The blog of Rahoul Baruah from 3hv Ltd

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My name is Rahoul Baruah (aka Baz) and I'm a software developer in Leeds (England).

This is a log of things I've discovered while writing software in Ruby on Rails. In other words, geek stuff.

However, I've decided to put this blog on ice - I would ask you to check out my business blog here (or subscribe here).

18 April, 2007

Single Table Inheritance and Virtual Controllers

I have the following models: a "base" class, Event, with two descendants, PublicCourse and PrivateCourse. Although, data-wise, they are pretty similar, behaviour-wise they are quite different. So Single Table Inheritance (STI although that could mean something completely different) is the way to go. (The alternative, of course, is a mix-in - which in most cases is far more preferable to inheritance).

I also have a public_courses_controller and a private_courses_controller. As each needs their own user-interface, distinct from the other.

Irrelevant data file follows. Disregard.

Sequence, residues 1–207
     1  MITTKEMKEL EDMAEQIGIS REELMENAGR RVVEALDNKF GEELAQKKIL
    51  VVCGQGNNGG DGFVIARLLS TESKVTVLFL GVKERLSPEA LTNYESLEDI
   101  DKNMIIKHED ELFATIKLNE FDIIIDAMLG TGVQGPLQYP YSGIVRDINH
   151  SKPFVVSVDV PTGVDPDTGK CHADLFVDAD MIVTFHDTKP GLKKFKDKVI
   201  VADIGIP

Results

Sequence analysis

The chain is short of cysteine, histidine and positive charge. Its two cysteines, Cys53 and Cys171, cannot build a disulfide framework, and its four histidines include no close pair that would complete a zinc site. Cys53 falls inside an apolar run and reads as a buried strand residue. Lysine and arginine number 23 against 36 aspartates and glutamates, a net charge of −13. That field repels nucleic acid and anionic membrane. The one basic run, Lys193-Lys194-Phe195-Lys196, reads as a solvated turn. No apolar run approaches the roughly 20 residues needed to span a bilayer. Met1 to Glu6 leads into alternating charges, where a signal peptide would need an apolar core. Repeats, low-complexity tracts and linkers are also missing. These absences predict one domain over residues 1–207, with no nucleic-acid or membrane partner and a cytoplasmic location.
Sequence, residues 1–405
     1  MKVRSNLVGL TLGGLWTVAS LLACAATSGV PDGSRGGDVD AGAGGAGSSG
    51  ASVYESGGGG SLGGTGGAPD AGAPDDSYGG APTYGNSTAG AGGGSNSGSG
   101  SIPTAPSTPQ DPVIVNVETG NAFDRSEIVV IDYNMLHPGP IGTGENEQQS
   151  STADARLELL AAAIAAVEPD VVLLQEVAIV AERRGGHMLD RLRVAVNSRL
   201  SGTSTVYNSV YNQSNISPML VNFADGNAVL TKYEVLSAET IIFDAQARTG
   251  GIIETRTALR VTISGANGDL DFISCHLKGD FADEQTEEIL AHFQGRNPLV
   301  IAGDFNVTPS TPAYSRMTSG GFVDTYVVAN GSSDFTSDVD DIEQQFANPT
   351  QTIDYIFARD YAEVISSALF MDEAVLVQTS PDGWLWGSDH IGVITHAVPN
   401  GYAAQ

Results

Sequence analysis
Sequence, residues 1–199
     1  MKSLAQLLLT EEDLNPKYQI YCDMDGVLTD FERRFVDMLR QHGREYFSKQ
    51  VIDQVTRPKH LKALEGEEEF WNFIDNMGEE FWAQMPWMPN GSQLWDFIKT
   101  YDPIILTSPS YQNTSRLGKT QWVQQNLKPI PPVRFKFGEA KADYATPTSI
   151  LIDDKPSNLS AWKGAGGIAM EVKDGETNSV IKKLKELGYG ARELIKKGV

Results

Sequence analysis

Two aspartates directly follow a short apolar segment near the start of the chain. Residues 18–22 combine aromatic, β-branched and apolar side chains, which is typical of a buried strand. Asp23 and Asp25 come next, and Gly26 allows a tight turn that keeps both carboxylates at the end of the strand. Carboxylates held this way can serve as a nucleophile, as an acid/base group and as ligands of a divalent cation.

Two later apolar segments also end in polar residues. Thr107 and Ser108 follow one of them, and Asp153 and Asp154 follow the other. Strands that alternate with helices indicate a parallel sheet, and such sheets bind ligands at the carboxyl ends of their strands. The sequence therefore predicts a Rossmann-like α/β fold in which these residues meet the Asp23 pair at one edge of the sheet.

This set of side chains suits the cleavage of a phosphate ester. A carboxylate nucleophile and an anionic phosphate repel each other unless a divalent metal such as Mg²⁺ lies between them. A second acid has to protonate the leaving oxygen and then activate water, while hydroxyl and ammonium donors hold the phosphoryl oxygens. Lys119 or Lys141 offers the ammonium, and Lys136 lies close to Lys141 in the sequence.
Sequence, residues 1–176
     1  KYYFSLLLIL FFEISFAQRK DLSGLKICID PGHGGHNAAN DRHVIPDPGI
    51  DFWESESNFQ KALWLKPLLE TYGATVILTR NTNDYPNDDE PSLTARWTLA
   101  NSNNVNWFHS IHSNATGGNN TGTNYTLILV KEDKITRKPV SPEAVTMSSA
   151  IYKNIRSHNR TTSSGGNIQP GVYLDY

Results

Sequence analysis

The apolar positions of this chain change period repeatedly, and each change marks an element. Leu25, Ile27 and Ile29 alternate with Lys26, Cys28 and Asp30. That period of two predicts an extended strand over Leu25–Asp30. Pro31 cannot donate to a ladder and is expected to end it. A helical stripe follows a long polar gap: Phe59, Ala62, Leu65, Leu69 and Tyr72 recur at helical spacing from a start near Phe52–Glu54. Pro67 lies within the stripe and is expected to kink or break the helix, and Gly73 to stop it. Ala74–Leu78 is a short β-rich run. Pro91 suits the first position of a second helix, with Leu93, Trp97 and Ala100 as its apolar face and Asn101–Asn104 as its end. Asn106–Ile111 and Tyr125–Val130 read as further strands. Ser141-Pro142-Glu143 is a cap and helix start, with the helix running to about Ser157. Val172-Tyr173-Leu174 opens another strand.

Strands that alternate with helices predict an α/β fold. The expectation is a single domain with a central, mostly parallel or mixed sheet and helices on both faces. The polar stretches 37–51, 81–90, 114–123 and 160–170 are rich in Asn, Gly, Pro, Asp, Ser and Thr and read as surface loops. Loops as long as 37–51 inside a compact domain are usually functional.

However, there are places in the user-interface where I am showing a list of Events and I wanted to link to them - either private or public. I started by writing a helper:


def event_link(event)
event.is_a?(PrivateCourse) ? link_to(h(event.title), private_course_path(event)) : link_to(h(event.title), public_course_path(event))
end


Meaning I could write views like so:


@events.each do | event |
event_link(@event)
end


However I didn't like it - the way events used a totally different link syntax to every other entity in my application.

So instead I created a "virtual" controller, events_controller, that has a single show action.


def show
@event = Event.find(params[:id])
@event.is_a?(PrivateCourse) ? redirect_to(private_course_path(@event)) : redirect_to(public_course_path(@event))
end


Now my view looks like


@events.each do | event |
link_to(h(event.title), event_path(event))
end


The upside - my views are consistent, regardless of entity. The downside - if you click that link it forces a database hit and a redirect. However, I'm not expecting 11000 requests per hour, let alone 11000 requests per second (this is a commercial service, not a social networking phenomena) - so I'll deal with the scaling issues if and when they happen

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